On December 10, the world marked the international human rights Day, with no significant progress in the protection of people’s fundamental human rights registered anywhere in the world.
It’s well over half a century since the Universal Declaration on Human Rights was adopted by the United Nations, and yet millions of people across the globe continue to suffer gross human rights abuses-many silently.
While governments are the worst violators of fundamental rights, these abuses are also very evident right in our homes and workplaces. Women are battered at home, while children are maimed at school and the relentless abuse of the people’s inherent rights to dignity and life goes on unabated.
Even professionals, ‘well’ trained people –some are even experts at their trade- cannot escape the blame for trampling on people’s rights, which in many cases assumes the element of criminal liability. The disabled are not accorded the same opportunities irrespective of a popular saying –that disability does not mean inability.
In this column, harrowing cases of human rights abuses have been highlighted including harassment and intimidation of journalists by the government, the case of Julius Lukyamuzi who was sodomised by one of Kampala’s notorious pastors and he is yet to receive justice three years since he first reported the matter to police.
Remember the traumatic case of Mercy Nafuna, the nine-month old baby who lost her arm due to the negligence of a medical practitioner in Mbale district? In another recent incident, 40-year old George Mugagga, a resident of Kinawataka in Mbuya parish in Kampala, beheaded his wife who was six months pregnant because the lady was HIV negative and the man was positive.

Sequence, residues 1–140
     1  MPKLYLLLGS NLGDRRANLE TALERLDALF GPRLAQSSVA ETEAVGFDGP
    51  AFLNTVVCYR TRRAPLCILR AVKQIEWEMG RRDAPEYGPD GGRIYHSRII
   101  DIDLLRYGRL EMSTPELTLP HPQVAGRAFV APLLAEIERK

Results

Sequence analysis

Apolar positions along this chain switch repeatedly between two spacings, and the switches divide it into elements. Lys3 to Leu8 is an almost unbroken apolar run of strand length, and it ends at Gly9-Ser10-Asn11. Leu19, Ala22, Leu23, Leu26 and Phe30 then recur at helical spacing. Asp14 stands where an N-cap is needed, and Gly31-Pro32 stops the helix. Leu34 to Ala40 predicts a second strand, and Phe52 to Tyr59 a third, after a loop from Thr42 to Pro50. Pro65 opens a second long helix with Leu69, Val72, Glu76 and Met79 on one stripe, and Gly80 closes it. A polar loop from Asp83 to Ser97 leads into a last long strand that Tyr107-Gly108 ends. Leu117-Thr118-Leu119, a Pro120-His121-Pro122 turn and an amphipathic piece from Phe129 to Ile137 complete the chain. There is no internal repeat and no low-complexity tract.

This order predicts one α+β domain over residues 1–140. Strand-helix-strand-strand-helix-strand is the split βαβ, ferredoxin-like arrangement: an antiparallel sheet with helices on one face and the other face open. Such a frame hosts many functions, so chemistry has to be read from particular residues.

Then there was the exclusive report about ‘ invisible torture’, a new method of torture by state operatives to inflict maximum pain without leaving marks or scars on the bodies of their victims. These are but a few cases of the human rights abuses that have graced the pages of Daily monitor this year alone.
Sadly though, Parliament which is mandated by our constitution to rein in the excesses of the state (government) has shamelessly not debated any of the annual human rights reports prepared by the Uganda Human Rights Commission, for the last ten years.
This means that critical recommendations and findings concerning abuse of human rights where innocent people have lost their lives, have been maimed, detained for long periods without trial, discriminated against, displaced or forced into exile, have not been paid damages awarded to them by human rights tribunals because the government is not interested. They have passed without any parliamentary intervention.
It’s explicitly provided for in Article 20(1) of the constitution that human rights are inherent in a person by reason of his or her birth and are therefore not granted by the state or any law. In the Supreme Court case of Tinyefuza v. Attorney General , Justice Oder as he then was, laboured to explain this constitutional principle.
He reasoned, and I agree with him, that although modern constitutions like ours, enact human rights in their provisions it doesn’t mean that such provisions create ‘the human rights’; rather the constitutional provisions are meant for the recognition and the intention that they should be enforceable in a court of law.
This means that fundamental human rights are universal and are due to every human society. They do not depend on the status of an individual, class, race , nor gender. They are uniform to all the peoples of the world.
Courts of law have emphasised a universally acceptable principle of international and domestic human rights that the constitutionalisation of human rights imposes a fetter on the exercise by the legislature (parliament), the executive and the judiciary of their respective powers to protect and promote the strict observance of human rights.
Equally important is the fact that human rights and the right to individual freedom are inextricably tied to the concept of human dignity. This means that freedom is a condition of human self respect and that of contentment which resides in the ability to pursue one’s own conception of a full and rewarding life.
The writer is a journalist and advocate